After large-scale gold mining began north of Fairbanks, miners wanted to build a railroad from the steamboat docks on the Chena River to the mine sites in the hills north of the city. The result was the Tanana Mines Railroad, which started operations in September 1905, using what had been the first steam locomotive in the Yukon Territory.[39] In 1907, the railroad was reorganized and named the Tanana Valley Railroad. The railroad continued expanding until 1910, when the first gold boom began to falter and the introduction of automobiles into Fairbanks took business away from the railroad.[39] Despite these problems, railroad backers envisioned a rail line extending from Fairbanks to Seward on the Gulf of Alaska, home to the Alaska Central Railway.[40]

In 1914, the US Congress appropriated $35 million for construction of the Alaska Railroad system, but work was delayed by the outbreak of World War I.[41] Three years later, the Alaska Railroad purchased the Tanana Valley Railroad, which had suffered from the wartime economic problems.[41] Rail workers built a line extending northwest from Fairbanks, then south to Nenana, where President Warren G. Harding hammered in the ceremonial final spike in 1923.[41] The rail yards of the Tanana Valley Railroad were converted for use by the Alaska Railroad, and Fairbanks became the northern end of the line and its second-largest depot.[41]

From 1923 to 2004, the Alaska Railroad's Fairbanks terminal was in downtown Fairbanks, just north of the Chena River. In May 2005, the Alaska Railroad opened a new terminal northwest of downtown, and that terminal is in operation today.[42] In summer, the railroad operates tourist trains to and from Fairbanks, and it operates occasional passenger trains throughout the year. The majority of its business through Fairbanks is freight.[43] The railroad is planning an expansion of the rail line from Fairbanks to connect the city via rail with Delta Junction, about 100 miles (160 km) southeast.[44]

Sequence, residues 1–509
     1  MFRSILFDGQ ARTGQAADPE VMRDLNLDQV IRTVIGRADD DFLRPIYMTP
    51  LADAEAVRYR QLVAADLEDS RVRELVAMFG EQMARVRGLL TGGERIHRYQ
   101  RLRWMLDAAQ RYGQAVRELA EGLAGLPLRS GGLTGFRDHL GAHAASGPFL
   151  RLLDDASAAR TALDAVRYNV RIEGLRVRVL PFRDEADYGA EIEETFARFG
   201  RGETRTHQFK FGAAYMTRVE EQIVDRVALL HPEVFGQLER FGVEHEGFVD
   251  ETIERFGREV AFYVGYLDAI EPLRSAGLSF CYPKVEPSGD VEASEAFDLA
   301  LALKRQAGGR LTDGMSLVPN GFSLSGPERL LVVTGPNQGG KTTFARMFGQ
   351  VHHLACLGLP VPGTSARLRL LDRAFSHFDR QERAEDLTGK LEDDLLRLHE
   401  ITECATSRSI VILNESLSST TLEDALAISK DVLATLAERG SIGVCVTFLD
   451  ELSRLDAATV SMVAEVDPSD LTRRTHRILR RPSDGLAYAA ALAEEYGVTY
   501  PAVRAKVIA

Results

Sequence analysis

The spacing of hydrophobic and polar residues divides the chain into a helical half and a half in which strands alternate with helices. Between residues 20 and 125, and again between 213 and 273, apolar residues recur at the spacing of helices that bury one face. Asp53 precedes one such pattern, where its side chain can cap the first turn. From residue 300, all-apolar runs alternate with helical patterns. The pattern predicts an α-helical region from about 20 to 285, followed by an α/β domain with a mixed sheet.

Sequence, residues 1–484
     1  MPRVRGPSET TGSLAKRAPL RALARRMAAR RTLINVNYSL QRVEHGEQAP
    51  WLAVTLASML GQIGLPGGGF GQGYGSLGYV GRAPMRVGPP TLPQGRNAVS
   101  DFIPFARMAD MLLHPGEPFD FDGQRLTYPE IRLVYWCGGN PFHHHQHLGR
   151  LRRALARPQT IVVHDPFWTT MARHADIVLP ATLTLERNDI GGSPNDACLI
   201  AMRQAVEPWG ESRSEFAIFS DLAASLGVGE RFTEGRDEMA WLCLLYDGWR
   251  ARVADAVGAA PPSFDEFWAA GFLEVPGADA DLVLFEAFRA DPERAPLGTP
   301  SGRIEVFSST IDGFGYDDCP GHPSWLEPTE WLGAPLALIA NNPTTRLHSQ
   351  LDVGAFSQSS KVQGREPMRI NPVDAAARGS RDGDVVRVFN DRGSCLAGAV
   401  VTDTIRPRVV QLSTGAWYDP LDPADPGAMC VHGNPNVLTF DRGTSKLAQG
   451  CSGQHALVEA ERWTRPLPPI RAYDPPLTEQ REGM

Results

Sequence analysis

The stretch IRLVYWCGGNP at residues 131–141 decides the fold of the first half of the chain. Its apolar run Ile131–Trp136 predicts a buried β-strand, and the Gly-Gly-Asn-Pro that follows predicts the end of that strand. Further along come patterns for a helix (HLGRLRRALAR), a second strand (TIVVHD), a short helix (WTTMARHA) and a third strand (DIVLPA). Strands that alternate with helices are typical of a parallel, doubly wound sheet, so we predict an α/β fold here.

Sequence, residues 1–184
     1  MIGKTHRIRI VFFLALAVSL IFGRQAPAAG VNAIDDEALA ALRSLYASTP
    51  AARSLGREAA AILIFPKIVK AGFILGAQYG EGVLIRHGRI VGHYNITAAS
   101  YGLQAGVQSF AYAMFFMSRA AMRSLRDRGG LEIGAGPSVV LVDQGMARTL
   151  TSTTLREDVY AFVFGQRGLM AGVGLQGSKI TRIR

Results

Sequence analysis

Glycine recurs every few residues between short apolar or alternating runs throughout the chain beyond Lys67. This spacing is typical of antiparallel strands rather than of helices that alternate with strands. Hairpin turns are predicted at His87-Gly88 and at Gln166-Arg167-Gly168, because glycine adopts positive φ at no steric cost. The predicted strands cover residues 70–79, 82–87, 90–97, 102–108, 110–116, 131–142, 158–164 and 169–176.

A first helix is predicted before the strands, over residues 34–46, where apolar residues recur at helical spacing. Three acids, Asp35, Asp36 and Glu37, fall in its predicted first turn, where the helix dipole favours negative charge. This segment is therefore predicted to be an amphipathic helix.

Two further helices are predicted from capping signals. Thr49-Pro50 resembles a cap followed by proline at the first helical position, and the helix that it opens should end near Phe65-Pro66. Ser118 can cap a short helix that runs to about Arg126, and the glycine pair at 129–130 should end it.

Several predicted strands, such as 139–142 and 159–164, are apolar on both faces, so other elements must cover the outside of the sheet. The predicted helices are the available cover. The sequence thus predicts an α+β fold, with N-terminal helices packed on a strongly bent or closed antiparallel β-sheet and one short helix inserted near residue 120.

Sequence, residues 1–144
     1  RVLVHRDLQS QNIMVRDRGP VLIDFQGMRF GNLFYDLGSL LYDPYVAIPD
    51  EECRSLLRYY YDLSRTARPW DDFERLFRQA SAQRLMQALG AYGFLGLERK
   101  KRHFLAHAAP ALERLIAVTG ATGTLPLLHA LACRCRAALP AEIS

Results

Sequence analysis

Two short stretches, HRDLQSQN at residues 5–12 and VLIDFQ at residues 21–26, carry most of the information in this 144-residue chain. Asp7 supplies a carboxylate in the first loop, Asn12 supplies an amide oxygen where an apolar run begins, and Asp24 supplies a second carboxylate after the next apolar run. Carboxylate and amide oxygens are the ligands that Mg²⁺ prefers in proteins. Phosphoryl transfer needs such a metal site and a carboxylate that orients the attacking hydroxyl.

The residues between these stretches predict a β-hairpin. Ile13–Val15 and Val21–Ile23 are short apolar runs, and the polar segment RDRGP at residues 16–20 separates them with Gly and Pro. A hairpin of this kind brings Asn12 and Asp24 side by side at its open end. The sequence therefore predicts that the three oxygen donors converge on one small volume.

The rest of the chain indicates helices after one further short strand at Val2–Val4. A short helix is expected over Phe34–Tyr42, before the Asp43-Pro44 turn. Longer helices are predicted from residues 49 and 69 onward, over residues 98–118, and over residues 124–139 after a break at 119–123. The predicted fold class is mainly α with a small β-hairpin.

In 2010 Fairbanks ranks as the third most dangerous U.S. city for women with a rate of rape more than double the national average: 70 forcible rapes per 100,000 inhabitants.[45]


Compared to communities of similar population, Fairbanks' crime rate (violent and property crimes combined) is higher than Alaska's average, which in turn is higher than the U.S. average.[46]

2014 Crime Statistics Per 100,000 People[47]
Crime Types U.S. Alaska Fairbanks
Violent Crime 366 636 659
Murder 5 6 12
Forcible Rape 37 105 120
Robbery 102 85 160
Aggravated Assault 233 440 366
Property Crime 2,596 2,760 3,840
Burglary 543 428 477
Larceny Theft 1,837 2,096 2,984
Motor Vehicle Theft 216 236 379

Attractions and points of interestEdit

The northern lights just north of Fairbanks, Alaska
Ice sculpture in Fairbanks, Alaska

The city of Fairbanks and the greater Fairbanks area is home to a number of attractions and events, which draw visitors from outside of Alaska throughout the year. Summer tourist traffic primarily consists of cruise ship passengers who purchase package tours which include travel to Fairbanks. Many of these tourists spend one or more nights at a local hotel and visit one or more attractions. Tourism the rest of the year is mostly concentrated around the winter season, centered upon the northern lights, ice carving and winter sports. In addition, other events draw visitors from within Alaska, mostly from the community's trading area throughout Interior Alaska and the North Slope.

State ParksEdit

Alaska State Parks operates the Chena River State Recreation Site, a 29 acres (12 ha) park in the middle of Fairbanks with a campground, trails, and a boat launch. (There is a similarly named Chena River State Recreation Area, a much larger park, about 30 miles (48 km) outside Fairbanks)[48]